Professional Jeweler Archive: The Compliance Quiz

August 2001

Managing/Legal Issues


The Compliance Quiz

Are you in compliance with the law and FTC Guides? Take this quiz to find out


Probably the last thing on your mind when you’re making a jewelry tag, displaying jewelry or writing an ad is whether what you’re doing is legal. Or whether it complies with Federal Trade Commission standards. After all, you’re familiar with the laws and guidelines, right?

Many jewelers are not surprised to learn they do most things right. But just as many are surprised to learn they don’t know as much as they think. Answer the true-or-false questions below to see how you rate.

1. Every piece of your in-stock jewelry must have a quality mark and a trademark, and you also must disclose this verbally to your customer.

False. Surprising, isn’t it? It’s within FTC guidelines to stock items that aren’t quality marked. However, as part of the sales process, you must disclose to your customer – in such ways as in-case signs, tags or sales receipt – what the karatage is. And if the pieces are quality marked, then a trademark must be in close proximity to the quality mark on the piece of jewelry.

2. If a gemstone (diamond, colored stone, pearl, etc.) has been treated, you must always disclose it to your customer.

True. Use these rules of thumb: Did the treatment affect the item’s value, quality or care instructions?

Is the treatment non-permanent? If you answered yes to any part of these questions, you should explain to the customer exactly how the gem was treated and what special care instructions are required. Don’t forget the FTC now requires you to disclose laser treatment also.

3. You don’t have to tell your customer whether or not a treatment is permanent.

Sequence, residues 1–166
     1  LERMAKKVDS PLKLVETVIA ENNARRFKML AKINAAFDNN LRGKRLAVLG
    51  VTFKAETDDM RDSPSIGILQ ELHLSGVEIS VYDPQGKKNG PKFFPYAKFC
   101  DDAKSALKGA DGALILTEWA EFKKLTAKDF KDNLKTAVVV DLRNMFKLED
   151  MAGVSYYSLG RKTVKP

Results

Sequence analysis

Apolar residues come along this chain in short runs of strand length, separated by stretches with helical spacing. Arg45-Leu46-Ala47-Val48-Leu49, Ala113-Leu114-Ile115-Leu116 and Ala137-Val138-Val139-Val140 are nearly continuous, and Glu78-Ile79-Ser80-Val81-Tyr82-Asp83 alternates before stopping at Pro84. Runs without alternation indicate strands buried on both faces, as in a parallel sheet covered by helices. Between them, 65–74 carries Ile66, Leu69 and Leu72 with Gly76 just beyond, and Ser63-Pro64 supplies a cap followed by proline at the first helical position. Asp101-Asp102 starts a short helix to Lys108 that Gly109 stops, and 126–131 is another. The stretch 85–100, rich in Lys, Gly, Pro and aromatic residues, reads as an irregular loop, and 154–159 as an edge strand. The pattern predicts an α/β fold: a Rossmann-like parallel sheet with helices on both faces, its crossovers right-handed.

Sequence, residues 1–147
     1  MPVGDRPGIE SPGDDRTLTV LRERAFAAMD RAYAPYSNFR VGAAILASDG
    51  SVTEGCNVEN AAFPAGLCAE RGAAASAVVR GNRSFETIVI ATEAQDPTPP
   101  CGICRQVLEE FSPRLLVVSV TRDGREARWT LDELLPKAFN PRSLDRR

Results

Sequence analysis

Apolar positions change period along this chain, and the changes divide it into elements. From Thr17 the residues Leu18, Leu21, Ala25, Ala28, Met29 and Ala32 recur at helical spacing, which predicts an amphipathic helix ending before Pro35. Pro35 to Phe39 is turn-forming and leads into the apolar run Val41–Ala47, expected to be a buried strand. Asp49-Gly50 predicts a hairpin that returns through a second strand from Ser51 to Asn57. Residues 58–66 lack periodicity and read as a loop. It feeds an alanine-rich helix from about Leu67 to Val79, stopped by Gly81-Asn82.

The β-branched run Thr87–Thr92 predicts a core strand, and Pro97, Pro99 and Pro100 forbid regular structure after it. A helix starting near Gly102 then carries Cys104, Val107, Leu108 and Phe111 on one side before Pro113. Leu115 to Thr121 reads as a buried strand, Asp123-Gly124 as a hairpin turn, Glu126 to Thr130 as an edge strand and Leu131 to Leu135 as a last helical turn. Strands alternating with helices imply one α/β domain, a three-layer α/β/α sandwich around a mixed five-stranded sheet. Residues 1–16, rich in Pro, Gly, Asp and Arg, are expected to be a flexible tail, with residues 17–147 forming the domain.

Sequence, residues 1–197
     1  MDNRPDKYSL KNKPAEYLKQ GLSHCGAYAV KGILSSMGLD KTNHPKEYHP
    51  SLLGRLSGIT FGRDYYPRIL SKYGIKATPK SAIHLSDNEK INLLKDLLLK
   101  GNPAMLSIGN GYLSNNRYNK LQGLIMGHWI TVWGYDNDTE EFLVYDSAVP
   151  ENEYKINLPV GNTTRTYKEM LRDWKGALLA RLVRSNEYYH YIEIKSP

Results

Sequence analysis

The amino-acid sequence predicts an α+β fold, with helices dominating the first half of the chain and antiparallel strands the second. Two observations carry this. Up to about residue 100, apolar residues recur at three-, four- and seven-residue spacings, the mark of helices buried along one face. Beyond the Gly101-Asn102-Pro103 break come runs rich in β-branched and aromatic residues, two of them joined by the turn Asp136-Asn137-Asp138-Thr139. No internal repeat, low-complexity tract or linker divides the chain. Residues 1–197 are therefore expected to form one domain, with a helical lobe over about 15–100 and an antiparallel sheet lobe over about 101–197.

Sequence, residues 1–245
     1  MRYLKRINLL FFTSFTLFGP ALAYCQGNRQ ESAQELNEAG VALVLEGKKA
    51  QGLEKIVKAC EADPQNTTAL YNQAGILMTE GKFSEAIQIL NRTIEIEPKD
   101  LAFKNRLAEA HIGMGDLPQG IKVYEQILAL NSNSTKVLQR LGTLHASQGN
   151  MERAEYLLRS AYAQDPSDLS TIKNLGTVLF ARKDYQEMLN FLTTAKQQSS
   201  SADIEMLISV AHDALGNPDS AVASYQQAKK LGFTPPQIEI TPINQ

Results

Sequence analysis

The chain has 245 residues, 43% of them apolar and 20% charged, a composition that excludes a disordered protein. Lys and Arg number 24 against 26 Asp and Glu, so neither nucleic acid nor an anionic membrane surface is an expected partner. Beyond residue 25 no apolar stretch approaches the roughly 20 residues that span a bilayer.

False. Right after you tell your customer about the treatment (see question 2), you must explain whether or not that treatment is permanent. Always.

4. You don’t have to label a gemstone’s country of origin.

False. Labels with country of origin are a requirement. You’re already looking up this information on the invoice every time a customer asks, so add it to your tags. This is easier and move convenient, besides being compliant. For finished jewelry, the country of origin is the last country from which it was imported. For loose stones, make your best effort to determine the country of origin.

5. Your store’s return policy – when written, posted in-store and disclosed to the buyer before he or she completes a purchase – is the only governing authority on the subject.

True. Your store’s return policy, when posted and disclosed, is the governing authority. If it’s not posted or disclosed, don’t expect customers to abide by it.

6. When advertising pearls, no additional descriptive language is needed – just call ’em pearls.

False. Natural pearls are formed only by Mother Nature and are increasingly rare. All other pearls are cultured. Yes, South Sea, Tahitian, baroque and akoya should all have the word “cultured” in their descriptions. No exceptions.

Make sure you and your employees are familiar with the regulations governing your business. There is more you should know, and you can ask the Jewelers Vigilance Committee. For questions or JVC membership information, call (800) JOIN-JVC.

– by Caroline Stanley

Caroline Stanley is JVC’s marketing and development director.


Copyright © 2001 by Bond Communications